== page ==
Picturing a Passion presents historical photographs of the Frye Founding Collection of late-19th- and early-20th-century paintings as it was displayed in the Seattle home of Charles Frye (18581940) and his wife Emma (18601934). The exhibition of twenty-three black-and-white photographs is on view Jan. 15March 6. 2011.
founders Charles and Emma Frye moved from an Iowa farming community to Seattle in 1888, and soon established meatpacking, cattle ranching and agricultural businesses throughout the Pacific Northwest and Alaska.
The couple may have been inspired to collect art after attending the 1893 World Columbian Exposition in Chicago. Sixteen years later, they lent one of their paintings, Leon Perraults Marguerite, to Seattles Alaska-Yukon-Pacific Exposition.
During their first trip to Europe in the early summer of 1914, the Fryes acquired German, Dutch and a few French canvases. They returned to the Continent four times in the next 11 years, and deepened their enthusiasm for art through friendships with American artists including Henry Raschen (18541937) and Eustace Ziegler (18811969).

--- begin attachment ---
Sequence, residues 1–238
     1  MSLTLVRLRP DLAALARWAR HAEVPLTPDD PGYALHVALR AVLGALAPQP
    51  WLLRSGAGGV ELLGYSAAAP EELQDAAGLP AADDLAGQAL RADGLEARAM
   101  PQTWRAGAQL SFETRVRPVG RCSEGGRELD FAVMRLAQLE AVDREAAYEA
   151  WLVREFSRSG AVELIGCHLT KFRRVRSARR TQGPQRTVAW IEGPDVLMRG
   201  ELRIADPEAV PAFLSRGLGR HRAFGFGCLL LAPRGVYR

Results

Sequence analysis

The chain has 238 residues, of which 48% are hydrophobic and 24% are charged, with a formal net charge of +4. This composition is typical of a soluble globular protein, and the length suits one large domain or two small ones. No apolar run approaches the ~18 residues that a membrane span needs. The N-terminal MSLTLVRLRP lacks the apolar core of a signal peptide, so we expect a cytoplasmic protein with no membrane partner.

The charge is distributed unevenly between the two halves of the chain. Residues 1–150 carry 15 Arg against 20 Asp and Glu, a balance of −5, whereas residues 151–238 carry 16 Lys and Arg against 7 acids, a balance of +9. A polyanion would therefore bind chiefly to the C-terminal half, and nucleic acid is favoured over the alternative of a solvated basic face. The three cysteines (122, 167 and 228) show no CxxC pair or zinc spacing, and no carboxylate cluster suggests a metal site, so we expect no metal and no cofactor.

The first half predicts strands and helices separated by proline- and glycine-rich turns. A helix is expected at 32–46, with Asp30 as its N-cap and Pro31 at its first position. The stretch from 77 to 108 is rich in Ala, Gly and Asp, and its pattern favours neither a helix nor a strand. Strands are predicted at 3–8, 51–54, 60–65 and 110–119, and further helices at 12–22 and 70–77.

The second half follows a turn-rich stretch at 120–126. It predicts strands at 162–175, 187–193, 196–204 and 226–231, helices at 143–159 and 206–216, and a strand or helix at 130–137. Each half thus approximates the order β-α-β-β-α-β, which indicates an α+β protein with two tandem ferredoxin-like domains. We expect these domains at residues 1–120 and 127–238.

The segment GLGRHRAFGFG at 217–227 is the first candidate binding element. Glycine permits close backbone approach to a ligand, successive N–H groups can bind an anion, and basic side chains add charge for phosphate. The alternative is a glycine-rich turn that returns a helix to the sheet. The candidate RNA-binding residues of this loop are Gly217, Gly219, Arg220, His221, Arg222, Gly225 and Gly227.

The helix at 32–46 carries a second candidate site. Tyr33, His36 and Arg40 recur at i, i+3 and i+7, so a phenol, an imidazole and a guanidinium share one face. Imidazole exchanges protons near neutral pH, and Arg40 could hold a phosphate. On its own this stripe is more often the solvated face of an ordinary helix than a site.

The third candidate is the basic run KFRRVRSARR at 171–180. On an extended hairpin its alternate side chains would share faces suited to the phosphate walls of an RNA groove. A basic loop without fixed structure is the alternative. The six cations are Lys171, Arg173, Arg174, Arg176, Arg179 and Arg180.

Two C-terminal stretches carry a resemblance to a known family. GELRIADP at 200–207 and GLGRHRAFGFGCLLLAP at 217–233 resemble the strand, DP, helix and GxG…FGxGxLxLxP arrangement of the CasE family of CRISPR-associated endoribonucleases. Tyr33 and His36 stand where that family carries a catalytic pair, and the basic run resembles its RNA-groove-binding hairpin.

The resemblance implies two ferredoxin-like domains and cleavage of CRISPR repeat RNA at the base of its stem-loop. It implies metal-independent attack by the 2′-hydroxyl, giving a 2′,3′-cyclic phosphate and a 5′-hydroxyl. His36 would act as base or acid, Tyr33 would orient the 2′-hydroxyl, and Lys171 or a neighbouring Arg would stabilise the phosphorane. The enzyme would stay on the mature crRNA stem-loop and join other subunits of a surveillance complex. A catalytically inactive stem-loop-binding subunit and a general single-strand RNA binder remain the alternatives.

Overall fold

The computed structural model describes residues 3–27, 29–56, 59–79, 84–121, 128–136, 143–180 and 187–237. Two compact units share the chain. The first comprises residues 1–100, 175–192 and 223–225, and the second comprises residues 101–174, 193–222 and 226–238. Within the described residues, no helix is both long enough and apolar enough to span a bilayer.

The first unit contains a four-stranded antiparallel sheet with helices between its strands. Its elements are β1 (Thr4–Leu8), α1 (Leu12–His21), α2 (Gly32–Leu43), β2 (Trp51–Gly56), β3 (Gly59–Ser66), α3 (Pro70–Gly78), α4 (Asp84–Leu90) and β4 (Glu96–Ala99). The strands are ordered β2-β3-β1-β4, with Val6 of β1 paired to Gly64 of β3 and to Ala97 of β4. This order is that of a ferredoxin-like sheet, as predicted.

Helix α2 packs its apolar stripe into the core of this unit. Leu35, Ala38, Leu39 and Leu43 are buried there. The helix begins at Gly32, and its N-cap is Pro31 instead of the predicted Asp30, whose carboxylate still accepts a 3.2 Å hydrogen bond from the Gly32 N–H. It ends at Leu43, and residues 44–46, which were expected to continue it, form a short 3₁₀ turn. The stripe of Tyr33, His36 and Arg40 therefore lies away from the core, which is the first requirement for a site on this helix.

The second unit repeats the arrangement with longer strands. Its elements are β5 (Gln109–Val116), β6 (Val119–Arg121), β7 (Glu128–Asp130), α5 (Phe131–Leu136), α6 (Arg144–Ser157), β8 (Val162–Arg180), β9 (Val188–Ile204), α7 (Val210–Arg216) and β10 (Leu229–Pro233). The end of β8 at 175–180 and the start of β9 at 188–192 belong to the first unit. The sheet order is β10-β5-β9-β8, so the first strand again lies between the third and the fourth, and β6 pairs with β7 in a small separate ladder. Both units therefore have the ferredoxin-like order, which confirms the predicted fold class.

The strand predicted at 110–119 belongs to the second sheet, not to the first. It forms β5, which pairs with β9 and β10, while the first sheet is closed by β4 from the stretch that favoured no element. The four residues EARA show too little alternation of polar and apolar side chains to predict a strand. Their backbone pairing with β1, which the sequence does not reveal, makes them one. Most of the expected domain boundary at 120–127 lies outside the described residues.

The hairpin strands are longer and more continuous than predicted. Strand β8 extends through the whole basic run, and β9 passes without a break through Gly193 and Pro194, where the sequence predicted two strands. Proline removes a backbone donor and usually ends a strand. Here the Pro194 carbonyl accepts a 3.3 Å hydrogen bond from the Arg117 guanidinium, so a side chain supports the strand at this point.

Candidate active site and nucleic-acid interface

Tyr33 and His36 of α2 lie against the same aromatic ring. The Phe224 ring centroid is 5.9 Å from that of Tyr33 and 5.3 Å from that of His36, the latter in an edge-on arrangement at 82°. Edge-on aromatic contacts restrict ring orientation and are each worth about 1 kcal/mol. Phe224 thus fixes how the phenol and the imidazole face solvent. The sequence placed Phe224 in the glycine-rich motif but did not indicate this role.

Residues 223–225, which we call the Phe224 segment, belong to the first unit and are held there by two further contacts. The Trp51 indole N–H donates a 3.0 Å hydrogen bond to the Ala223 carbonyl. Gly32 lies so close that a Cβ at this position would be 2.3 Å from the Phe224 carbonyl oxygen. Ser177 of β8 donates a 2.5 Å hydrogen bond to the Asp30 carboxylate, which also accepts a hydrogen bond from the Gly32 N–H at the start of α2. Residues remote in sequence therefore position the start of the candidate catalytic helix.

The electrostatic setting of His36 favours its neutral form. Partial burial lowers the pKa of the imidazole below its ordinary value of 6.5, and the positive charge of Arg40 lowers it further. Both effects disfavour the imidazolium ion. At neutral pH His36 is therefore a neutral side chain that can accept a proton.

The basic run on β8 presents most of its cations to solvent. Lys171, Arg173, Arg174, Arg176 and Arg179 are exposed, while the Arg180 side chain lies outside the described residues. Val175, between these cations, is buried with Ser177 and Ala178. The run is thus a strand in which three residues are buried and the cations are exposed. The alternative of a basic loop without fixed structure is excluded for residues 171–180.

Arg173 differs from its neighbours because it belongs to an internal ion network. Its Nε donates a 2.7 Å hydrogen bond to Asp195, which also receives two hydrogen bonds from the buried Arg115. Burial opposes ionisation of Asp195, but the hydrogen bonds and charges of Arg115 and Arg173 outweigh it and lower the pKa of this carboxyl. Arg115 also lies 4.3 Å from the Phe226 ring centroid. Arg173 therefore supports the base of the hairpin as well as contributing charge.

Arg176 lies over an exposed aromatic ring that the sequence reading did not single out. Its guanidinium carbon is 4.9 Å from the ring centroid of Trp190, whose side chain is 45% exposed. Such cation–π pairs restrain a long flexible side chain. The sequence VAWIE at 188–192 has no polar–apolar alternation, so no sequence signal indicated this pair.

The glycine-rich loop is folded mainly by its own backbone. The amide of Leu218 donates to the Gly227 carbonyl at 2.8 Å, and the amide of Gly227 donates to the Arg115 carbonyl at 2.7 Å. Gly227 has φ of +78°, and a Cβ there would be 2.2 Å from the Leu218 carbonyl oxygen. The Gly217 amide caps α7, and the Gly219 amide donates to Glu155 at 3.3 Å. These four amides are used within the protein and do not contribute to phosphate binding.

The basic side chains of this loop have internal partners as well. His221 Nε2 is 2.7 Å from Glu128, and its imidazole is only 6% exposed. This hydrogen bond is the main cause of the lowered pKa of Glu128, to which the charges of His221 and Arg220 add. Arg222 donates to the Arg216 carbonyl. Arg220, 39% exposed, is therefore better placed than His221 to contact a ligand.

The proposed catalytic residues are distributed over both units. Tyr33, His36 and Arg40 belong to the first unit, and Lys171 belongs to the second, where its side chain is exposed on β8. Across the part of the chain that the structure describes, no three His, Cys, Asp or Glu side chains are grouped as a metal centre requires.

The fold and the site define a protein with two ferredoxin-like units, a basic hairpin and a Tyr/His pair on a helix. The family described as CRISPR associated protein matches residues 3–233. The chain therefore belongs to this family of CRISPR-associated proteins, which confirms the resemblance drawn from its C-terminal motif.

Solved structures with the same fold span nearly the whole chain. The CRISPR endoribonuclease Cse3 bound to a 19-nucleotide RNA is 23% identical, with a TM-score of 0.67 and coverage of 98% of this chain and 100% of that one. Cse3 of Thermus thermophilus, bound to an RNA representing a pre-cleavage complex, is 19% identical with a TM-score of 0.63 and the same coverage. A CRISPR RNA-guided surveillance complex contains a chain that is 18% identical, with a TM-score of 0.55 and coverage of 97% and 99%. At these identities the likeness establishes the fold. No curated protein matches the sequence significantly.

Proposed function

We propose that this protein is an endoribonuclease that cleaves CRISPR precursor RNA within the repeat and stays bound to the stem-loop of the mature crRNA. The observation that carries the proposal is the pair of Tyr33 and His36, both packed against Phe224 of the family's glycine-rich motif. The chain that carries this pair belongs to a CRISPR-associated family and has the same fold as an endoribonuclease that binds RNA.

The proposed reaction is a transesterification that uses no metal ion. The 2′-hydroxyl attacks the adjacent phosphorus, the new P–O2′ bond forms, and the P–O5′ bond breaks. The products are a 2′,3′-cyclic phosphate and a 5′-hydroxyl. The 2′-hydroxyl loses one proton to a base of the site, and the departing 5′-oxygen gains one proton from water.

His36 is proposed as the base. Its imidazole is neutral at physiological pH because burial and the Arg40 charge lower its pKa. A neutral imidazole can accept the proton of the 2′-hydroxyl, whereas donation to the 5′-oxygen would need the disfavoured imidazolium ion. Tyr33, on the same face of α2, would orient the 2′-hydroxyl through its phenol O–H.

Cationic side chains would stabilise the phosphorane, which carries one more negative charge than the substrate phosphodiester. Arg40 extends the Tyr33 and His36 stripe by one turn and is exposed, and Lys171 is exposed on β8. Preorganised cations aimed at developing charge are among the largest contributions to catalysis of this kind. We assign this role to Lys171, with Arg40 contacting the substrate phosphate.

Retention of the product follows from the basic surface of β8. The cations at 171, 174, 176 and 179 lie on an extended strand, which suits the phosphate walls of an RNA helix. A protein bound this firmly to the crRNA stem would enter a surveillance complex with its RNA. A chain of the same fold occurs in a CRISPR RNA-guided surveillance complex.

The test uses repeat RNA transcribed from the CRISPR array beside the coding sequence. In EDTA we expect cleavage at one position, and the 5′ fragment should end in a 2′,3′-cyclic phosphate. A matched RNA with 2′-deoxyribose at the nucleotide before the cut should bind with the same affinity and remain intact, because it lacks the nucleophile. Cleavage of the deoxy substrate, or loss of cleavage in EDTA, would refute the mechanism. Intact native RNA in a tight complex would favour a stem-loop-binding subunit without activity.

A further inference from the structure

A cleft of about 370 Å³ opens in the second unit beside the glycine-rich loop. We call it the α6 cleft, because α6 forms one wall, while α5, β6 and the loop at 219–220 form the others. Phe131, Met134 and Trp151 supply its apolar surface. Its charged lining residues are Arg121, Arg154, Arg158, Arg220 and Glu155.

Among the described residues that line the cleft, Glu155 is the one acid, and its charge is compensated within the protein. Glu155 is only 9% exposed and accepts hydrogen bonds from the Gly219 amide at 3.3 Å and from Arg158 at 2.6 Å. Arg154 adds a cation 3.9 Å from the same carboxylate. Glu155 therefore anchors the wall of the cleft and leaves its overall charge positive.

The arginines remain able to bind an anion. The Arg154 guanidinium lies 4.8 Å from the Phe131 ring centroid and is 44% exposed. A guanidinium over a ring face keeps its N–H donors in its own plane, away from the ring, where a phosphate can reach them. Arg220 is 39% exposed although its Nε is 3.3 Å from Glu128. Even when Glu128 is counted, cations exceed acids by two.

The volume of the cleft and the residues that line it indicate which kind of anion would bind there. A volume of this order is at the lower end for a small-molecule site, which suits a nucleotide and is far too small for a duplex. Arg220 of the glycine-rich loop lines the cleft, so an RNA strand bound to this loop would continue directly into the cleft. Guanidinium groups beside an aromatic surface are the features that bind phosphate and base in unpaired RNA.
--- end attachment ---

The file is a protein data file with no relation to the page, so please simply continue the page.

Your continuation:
The Fryes housed their burgeoning collection in their Seattle home at 722 Ninth Ave. In 1914, the couple added a gallery annex to their home, in which they hung paintings salon style, from floor to ceiling. They used curtains to cover a number of works, dramatically revealing the hidden paintings to dinner guests while piping music into the gallery; operas and sonatas swirled around the landscapes and portraits they cherished.
The Fryes also installed a number of artworks in their business offices, an arrangement that had tragic consequences in 1943, when a B-29 Superfortress bomber, under secret development at Boeing, crashed into Frye headquarters. Thirty-two people were killed, the resulting fire severely damaged the plant and an unknown number of paintings were destroyed. Most of the Frye business files, including archival records of the art collection, were also lost.
After Charles and Emma Frye died, their collection, totaling 232 works, was gifted to the people of Seattle in perpetuity and today forms a living legacy as the Founding Collection of the Frye Art Museum, which opened in 1952.